Although, a very specific printing mechanism has been described above, it is to be understood that the present invention could be used with any other type of inkjet printing mechanism. FIG. 2 schematically shows another type of printer, using a so-called off-axis reservoir, wherein the same components are designated with the same reference numbers as in FIG. 1. Hereunder, only those features of the printer of FIG. 2 will be described which distinguish this printing mechanism from the one shown in FIG. 1.
On the back wall of the chassis 22 of the printer a housing 70 for one or more ink reservoirs is shown schematically. The housing preferably contains four reservoirs for black, cyan, magenta, and yellow ink. From the reservoirs, flexible tubes 72 are feeding the ink to inkjet cartridges 60' and 62' which may comprise smaller intermediate reservoirs for storing small amounts of ink. The cartridges further include a substrate layer having a plurality of resistors which are associated with nozzles of a nozzle plate for ejecting ink therefrom.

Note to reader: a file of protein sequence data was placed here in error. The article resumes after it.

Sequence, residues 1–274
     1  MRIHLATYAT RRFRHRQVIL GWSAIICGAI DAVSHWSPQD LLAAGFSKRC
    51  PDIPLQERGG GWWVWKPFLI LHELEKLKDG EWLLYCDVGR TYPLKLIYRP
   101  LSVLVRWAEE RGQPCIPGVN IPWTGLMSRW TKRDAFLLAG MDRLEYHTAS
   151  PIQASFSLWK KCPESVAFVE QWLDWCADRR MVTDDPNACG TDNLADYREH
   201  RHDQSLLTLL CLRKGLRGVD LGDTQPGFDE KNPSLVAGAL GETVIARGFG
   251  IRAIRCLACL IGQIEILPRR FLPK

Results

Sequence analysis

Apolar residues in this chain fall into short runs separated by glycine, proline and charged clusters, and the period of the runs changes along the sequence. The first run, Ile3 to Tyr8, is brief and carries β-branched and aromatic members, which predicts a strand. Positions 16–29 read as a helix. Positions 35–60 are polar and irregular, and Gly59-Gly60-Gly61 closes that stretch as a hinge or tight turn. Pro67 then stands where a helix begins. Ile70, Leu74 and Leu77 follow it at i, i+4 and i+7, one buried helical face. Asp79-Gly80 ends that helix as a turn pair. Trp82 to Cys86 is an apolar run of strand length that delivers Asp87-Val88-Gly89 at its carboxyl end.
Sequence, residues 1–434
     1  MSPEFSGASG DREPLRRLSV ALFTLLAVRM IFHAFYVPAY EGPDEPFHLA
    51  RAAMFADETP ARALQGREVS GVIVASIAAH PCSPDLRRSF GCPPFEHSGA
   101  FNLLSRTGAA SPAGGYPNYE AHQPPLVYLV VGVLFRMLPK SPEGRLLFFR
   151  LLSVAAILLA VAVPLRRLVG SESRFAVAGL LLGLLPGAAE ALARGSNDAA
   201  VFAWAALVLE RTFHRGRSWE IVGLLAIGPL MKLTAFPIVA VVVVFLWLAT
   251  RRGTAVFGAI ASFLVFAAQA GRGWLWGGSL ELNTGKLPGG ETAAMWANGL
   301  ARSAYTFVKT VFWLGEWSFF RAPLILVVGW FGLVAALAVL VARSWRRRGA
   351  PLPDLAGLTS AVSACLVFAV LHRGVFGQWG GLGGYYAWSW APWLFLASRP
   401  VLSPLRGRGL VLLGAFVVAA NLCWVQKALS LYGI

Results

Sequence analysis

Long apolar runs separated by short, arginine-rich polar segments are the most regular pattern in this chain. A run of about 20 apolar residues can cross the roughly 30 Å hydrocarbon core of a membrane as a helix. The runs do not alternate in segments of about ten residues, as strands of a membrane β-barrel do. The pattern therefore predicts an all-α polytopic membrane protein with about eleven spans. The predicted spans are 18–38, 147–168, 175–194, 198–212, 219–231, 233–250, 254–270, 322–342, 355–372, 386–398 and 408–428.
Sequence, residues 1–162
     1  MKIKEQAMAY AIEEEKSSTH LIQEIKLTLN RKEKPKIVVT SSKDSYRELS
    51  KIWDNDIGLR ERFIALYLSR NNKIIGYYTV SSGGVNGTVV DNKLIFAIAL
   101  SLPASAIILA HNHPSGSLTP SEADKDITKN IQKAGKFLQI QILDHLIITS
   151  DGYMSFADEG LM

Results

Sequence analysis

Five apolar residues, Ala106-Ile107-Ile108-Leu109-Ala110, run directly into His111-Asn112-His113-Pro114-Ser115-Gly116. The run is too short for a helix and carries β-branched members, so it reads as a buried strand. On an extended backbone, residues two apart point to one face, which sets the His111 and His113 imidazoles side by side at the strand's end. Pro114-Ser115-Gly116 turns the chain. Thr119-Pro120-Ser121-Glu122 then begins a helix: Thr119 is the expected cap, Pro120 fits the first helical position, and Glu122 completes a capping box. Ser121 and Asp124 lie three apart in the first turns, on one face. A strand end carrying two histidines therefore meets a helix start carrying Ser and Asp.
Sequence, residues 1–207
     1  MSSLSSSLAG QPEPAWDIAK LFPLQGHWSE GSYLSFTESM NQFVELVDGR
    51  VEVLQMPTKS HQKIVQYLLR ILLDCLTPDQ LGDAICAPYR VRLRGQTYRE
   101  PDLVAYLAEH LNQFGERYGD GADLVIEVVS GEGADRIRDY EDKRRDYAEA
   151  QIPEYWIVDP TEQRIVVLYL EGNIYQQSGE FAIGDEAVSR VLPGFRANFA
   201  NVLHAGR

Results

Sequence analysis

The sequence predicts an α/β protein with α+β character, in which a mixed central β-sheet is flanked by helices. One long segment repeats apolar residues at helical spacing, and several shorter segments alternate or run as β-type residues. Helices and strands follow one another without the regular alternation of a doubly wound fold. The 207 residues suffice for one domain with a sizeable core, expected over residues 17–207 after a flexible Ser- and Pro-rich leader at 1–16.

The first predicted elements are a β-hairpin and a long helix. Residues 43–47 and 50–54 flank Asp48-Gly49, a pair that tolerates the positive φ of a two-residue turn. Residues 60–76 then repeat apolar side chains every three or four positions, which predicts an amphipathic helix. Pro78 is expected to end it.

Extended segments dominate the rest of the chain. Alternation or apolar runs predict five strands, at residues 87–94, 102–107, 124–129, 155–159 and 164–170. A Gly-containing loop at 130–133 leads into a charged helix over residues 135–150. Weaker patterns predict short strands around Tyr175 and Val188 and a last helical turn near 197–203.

FIGS. 3a and 3b show one embodiment of an ink level monitoring system of the present invention which may be used in the printing mechanism of FIG. 1 for determining ink levels within one or more reservoirs of an inkjet cartridge.
FIGS. 3a and 3b schematically show a cross-sectional side view and back view of an inkjet cartridge or "pen" containing three reservoirs, e.g. for magenta, cyan and yellow ink. An inkjet pen of this type is disclosed in U.S. Pat. No. 5,025,271 to Baker et al., assigned to the present assignee, Hewlett-Packard Company, which can be referred to for further details of the structure of the inkjet pen. The pen body 72 includes an outer wall 74 and interior walls 76 and 78 which serve to partially define three compartments or reservoirs 80, 82, and 84 for receiving rectangular sections 86, 88, and 90 of foam as well as the three different inks. The respective ink levels are indicated at 92, 94, and 96.
In the lower region of the pen body 72 ink pipes 98 are provided in contact with the foam sections 86, 88, and 90 and the ink contained in the reservoirs. The ink pipes 98 provide an ink flow path to a lateral ink passage (not shown) located between the lower surface of the ink pipes and the facing surface of a semiconductor substrate 100 of the printhead. The ink will flow vertically from the reservoirs through the ink pipes into vertical passages (not shown) in the substrate member 100. These vertical passageways will then feed ink to a plurality of nozzle groups in the nozzle plate (not shown).